On Wednesday evening (GMT+3), the US EIA Crude Oil Inventories data was released. For the Week of 3 June, US inventories of crude increased by 2.025 million barrels. This is compared to the forecasted draw of 1.917 million, and the previous week’s draw of 5.068 million.
Meanwhile, distillate inventories saw a rise of 2.592 million barrels against an expected build of 1.06 barrels, while gasoline inventories fell 0.812 million barrels against an expected build of 1.075 million.
The EIA also reported that the utilisation rate for refinery crude runs rose by 1.6% to 94.2%, the highest since December 2019, while on the East Coast, utilisation rates rose to 99.2%, the highest since November 2017.
Analysts say that the build in EIA inventories is partly due to shifts from the drawdowns in the US Strategic Petroleum Reserve – which is at a record low of 519.3 million.
Despite the increase in US crude oil inventories, oil prices continue to rise, with WTI up 0.29% at $122.45 and Brent up 0.36% at $124.00. WTI futures for July are at $122.47, while Brent futures for August are at $124.02.
While earlier this month, both Saudi Arabia and OPEC+ have indicated that they would be willing to increase oil production, oil prices continue to rise on a combination of different factors.
This includes a possible strike by Norwegian offshore oil workers, the easing of China’s Covid-19 lockdowns, and Russia’s ongoing war in Ukraine. Summer is also coming for the Northern hemisphere, which will see increased demand for fuel as the driving season starts.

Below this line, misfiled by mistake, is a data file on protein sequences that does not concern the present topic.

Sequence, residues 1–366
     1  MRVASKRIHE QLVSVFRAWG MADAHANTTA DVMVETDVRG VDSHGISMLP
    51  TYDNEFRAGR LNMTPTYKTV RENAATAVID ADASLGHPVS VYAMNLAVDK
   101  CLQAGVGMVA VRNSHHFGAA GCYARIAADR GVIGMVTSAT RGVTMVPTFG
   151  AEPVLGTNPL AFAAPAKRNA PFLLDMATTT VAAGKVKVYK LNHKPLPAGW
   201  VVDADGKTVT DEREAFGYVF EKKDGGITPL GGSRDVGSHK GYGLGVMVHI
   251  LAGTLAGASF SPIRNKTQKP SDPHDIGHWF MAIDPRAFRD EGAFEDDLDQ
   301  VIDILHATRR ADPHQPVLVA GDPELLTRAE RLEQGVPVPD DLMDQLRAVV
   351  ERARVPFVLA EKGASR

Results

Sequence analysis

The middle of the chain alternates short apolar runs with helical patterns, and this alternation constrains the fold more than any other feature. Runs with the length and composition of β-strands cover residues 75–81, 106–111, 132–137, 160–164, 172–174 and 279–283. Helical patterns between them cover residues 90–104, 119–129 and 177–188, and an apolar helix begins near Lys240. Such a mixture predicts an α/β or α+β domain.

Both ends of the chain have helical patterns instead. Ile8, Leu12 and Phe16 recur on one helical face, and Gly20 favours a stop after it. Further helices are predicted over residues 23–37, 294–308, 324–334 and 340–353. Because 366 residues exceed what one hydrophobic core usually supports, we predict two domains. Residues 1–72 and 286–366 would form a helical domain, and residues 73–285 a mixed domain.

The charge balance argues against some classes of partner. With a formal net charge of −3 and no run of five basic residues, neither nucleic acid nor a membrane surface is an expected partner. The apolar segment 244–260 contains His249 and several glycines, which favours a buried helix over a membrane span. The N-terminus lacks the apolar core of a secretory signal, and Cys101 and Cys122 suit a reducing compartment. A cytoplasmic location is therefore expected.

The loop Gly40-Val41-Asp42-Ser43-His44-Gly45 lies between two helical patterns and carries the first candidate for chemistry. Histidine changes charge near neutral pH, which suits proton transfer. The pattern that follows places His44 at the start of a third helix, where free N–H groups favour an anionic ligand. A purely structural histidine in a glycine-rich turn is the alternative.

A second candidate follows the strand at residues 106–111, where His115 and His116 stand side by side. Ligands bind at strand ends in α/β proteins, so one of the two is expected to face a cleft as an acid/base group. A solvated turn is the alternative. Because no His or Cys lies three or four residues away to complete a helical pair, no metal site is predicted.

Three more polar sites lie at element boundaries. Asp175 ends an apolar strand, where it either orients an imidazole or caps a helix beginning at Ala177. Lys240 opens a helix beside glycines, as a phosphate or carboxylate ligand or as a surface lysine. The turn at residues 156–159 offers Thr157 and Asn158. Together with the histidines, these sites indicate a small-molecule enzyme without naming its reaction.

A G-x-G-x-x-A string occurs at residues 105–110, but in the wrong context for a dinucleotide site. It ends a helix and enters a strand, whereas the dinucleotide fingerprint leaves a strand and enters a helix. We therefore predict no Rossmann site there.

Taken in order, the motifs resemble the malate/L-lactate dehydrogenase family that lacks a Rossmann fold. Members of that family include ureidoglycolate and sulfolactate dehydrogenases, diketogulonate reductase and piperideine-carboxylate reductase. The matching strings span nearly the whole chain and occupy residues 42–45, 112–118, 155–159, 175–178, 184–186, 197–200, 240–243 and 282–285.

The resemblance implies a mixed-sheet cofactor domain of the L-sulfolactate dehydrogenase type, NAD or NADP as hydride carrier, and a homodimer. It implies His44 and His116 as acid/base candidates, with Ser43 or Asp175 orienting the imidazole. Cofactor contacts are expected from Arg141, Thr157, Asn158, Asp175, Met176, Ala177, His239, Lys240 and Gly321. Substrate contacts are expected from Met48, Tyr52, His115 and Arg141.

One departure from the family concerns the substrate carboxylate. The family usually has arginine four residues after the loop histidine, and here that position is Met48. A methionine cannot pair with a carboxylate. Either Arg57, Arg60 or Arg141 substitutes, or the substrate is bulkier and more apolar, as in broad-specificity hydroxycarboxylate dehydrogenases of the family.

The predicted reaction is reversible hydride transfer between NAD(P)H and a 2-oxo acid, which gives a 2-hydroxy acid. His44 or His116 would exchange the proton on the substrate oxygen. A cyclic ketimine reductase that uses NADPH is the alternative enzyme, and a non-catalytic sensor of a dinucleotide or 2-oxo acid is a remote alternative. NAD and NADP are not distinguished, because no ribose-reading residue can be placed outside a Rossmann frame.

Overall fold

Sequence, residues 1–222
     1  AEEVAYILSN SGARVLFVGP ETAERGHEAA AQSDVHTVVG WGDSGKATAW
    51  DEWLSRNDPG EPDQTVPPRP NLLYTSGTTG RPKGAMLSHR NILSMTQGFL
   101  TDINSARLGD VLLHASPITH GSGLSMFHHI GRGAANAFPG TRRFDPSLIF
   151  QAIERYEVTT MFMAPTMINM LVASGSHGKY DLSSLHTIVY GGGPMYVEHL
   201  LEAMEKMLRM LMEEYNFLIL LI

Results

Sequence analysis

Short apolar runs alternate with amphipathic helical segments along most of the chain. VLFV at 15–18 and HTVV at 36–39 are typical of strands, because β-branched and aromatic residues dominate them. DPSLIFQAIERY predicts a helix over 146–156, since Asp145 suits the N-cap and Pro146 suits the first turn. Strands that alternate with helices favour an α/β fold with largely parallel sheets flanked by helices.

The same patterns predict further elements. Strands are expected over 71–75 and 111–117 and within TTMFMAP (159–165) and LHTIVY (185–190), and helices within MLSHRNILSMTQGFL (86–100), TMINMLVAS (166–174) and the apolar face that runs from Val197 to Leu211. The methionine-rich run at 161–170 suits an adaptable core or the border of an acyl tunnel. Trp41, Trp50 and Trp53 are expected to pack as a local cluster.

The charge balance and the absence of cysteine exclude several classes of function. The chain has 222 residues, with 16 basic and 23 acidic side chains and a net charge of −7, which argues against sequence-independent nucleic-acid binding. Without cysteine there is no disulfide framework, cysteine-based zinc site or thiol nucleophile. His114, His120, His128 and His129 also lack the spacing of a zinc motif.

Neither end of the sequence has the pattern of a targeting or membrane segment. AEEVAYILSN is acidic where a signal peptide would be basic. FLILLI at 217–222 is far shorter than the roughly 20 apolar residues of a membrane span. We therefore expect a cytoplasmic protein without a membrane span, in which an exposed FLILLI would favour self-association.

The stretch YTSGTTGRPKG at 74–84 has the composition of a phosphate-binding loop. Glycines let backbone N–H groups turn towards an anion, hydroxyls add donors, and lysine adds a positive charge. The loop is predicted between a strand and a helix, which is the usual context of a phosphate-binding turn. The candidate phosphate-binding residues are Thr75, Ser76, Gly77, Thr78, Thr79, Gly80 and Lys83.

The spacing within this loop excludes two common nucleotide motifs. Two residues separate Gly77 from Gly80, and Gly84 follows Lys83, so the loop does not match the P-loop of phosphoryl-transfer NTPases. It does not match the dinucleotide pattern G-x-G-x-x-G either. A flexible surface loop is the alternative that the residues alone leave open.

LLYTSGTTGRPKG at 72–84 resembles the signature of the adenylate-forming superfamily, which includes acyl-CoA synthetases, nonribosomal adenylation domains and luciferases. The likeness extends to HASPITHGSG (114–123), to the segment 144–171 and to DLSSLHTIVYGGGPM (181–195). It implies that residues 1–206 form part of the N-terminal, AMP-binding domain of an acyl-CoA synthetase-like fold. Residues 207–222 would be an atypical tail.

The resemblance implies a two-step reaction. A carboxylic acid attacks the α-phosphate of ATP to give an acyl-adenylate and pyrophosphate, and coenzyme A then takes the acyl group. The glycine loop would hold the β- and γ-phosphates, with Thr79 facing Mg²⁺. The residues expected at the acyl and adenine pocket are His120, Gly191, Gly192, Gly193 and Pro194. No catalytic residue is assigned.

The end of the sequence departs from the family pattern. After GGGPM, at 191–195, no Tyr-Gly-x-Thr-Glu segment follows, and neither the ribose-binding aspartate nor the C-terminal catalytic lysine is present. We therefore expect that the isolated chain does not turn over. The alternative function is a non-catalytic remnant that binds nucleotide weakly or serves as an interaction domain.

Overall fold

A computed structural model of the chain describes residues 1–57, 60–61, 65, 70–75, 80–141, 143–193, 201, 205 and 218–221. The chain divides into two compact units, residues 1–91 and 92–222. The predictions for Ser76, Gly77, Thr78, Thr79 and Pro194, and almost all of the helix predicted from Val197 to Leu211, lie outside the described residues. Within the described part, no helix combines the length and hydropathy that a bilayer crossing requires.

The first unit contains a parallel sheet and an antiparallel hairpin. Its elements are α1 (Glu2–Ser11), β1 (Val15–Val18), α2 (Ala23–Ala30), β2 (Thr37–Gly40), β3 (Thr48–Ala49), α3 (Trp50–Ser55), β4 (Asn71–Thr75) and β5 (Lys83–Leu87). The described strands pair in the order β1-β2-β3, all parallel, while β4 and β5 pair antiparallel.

Goldman Sachs is now predicting that Brent crude will average $140 per barrel, while gasoline might spike to $160.
Fears of demand destruction have emerged in the markets. In fact, Peter McNally, global sector lead for industrials, materials, and energy at Third Bridge said that “one could argue that [it] has already started for gasoline. Since the start of March, U.S. gasoline consumption is 6% lower than the corresponding period in 2019.”
Increases in fuel and energy prices are often passed on to other goods and services, and demand destruction for oil will move on to more discretionary goods and further fuel inflation. Analysts now fear that this will tip the market into recession as consumer spending subsides. Says CNBC’s Jim Cramer, “As long as oil prices keep climbing, it’s hard to make the case for a soft landing. Oil’s a nightmare for the Fed. It reverberates throughout the whole economy, and there seems to be no stopping it”.
For a closer read on inflation numbers, investors are now strongly advised to pay close attention to the upcoming US Core CPI data for May, which will be released on Friday, 10 June at 15:30 (GMT+3). The forecasted read is an increase of 0.5%, and the previous month’s read is 0.6%.
As a friendly reminder, do keep an eye on market changes, control your positions, and manage your risk well.